Grenfell victim 'skimmed firefighter after jumping', inquiry hears

28 June 2018, 15:13

A person who jumped from Grenfell Tower during the blaze "narrowly" missed a firefighter before hitting the ground, the inquiry has heard.

Daniel Brown, who was one of the first firefighters into flat 16 where the fire started on 14 June last year, described the scene in a written submission.

He said he saw a man's body with one leg missing covered by a "salvage sheet".

"It was mentioned that he brushed a firefighter's breathing apparatus set he/she was wearing upon landing, narrowly missing them full on," he said in its submission to the public inquiry on Thursday.

Mr Brown said he was surprised at the lack of heat as he and a colleague approached the room in the fourth floor flat.

His colleague, Charles Batterbee, put out a fire around the fridge - where the fire started - but Mr Brown said he was confused as there was a "forceful curtain flame" away from the fridge at the top of the wall by the ceiling above a window opening.

"I believe it is highly likely the external insulation/cladding was alight before we arrived," Mr Brown wrote.

Mr Batterbee then held onto Mr Brown as he aimed a fire hose through the window.

"I was leaning so far out and I guess he was worried I might fall out of the window," Mr Brown said.

But the water was having "no effect" and when he went outside he was told 20 fire engines had been ordered, to which he replied: "Really?"

Mr Brown said his jaw dropped as he saw the fire had spread to the top of the 24-storey tower via the flammable cladding, which killed 72 people.

Mr Batterbee told the inquiry the night was like a "war zone".

He said he believed the job was done when he put the flames out in the kitchen.

He entered the smoke filled room and doused the fridge blaze at 1.20am, radioing to tell his colleagues "we had done our job".

He told the inquiry on Thursday he would never "get over the shock" of the moment he came outside and saw the tower was still on fire.

Recounting the stages beforehand, he said: "At that point it was just a standard, bread-and-butter job, it was no different from any other compartment fire.

"It looked to me as though I'd put out a fridge and some kitchen furniture, what you would expect to see in a kitchen.

"Once we stood up, I gave the branch back to Danny and I remember getting on my radio, my (breathing apparatus) set, to update entry control that we had done our job, put the fire out.

"I remember the room wasn't 100% damaged, it was just that corner, there were burn patterns above on the ceiling, but we had put that compartment out.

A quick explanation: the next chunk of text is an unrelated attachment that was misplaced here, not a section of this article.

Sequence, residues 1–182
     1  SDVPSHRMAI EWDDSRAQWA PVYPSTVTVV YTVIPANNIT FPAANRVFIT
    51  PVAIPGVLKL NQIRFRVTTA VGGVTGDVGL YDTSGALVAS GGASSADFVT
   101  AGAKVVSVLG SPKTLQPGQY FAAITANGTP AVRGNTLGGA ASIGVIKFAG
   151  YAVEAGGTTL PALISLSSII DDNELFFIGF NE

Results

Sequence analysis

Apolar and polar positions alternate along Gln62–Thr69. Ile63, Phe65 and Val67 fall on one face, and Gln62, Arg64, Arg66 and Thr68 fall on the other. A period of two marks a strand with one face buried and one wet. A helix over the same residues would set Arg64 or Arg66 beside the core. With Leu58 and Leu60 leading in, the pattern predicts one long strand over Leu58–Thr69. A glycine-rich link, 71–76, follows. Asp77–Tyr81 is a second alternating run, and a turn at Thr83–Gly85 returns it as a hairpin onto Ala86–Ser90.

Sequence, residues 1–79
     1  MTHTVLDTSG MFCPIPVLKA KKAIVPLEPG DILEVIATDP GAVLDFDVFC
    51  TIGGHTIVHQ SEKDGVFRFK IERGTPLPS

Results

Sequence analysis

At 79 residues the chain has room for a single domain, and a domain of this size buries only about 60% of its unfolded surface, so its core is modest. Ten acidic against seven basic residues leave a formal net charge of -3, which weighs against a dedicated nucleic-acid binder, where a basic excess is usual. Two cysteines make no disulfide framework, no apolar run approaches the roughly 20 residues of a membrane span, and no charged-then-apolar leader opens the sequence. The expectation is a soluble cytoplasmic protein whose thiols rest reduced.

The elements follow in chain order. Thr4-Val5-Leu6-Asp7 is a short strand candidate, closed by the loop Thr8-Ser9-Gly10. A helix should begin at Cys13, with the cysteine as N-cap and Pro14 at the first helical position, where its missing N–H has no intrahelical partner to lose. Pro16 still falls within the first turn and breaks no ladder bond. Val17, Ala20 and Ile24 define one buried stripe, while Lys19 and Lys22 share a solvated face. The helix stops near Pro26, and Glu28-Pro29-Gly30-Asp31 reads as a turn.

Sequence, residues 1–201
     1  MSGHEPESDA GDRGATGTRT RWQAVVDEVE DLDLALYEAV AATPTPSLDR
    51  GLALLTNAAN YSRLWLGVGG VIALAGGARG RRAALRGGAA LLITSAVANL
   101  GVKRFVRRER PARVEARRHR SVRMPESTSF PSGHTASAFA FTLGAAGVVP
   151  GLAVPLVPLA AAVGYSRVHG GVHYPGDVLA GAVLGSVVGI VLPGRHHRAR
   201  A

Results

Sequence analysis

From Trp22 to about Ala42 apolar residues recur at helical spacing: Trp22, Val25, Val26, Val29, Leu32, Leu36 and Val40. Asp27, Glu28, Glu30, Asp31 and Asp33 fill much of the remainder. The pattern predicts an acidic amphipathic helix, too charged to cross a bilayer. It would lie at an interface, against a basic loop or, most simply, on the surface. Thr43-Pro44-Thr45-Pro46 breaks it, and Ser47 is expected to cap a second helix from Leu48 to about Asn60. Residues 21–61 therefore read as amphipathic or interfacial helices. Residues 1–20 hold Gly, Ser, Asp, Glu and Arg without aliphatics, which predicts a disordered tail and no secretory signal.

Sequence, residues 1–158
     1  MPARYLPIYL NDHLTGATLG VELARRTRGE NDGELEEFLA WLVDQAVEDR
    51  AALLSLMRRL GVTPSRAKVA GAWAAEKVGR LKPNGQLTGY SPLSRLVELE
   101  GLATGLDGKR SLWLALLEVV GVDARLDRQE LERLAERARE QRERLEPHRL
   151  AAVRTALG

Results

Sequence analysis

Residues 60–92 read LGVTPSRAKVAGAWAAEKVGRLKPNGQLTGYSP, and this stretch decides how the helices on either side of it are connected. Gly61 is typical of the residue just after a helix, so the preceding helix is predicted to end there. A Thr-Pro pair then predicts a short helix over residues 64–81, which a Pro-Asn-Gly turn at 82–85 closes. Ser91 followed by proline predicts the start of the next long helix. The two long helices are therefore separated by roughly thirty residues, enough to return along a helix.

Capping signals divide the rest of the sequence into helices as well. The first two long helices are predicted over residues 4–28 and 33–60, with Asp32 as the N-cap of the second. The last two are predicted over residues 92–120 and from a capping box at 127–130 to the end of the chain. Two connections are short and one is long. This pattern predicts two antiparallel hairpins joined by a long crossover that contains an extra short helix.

"Then I noticed out of the window, up to the right-hand side, I noticed flames, something was alight."

Seeing an extractor fan on fire, he leant out of the window to extinguish it, holding on to his colleague "for dear life".

Mr Batterbee said the night's events were chaotic.

In a written statement filed to the inquiry, he said: "I remember the intensity of the flame. I can only describe it as huge balls of flame falling down along with debris; it didn't stop; it was violent...

"We kept hitting it with water but again it was having no bearing on the fire."

He added that when he was outside the tower, he quickly realised the pieces of debris were coming down so thick and fast they "could quite easily kill a person" and it was not safe to stay where they were.

The seven-year veteran of the London Fire Brigade was later struck by a large piece of burning debris during the fire and was saved only by a riot shield firefighters were given to protect themselves.

Although they targeted the fire with water outside, he said the flames started making a "fizzing sound".

He added: "It was as though someone had poured an accelerant down the side of building. Nothing I tried worked."

Firefighters had to smash through windows on the west face of the tower to get access, as the entrance was too dangerous.

Mr Batterbee added: "The whole thing was hell, it was like a war zone. The noise was so loud with the fire, the constantly falling debris and the pumps going.

"There were times during the night when I was far enough away carrying out a task, where I would be able to see the entirety of the Tower and every time it was a hundred times worse than the time before.

"It shouldn't have happened. It completely spread from being one face alight to eventually all faces alight. At one point, it looked like a massive line of fire had gone up and over the top of the building and down the West side. We had gone from a fire in a building to a building on fire."

He recalled firefighters needing medical attention themselves.

Mr Batterbee was asked to speak to a trapped resident on the phone, but could not hear where she was because of the noise.

He said: "At that point there are no words to describe how powerless I felt."

Reflecting on the night's tragedy, he said: "The main thing that could have been in place that night to assist (firefighters) would have been a building not clad in highly flammable material.

"I don't really think that there are any words to really capture this horrific event. This was the worst thing that I have ever experienced and witnessed."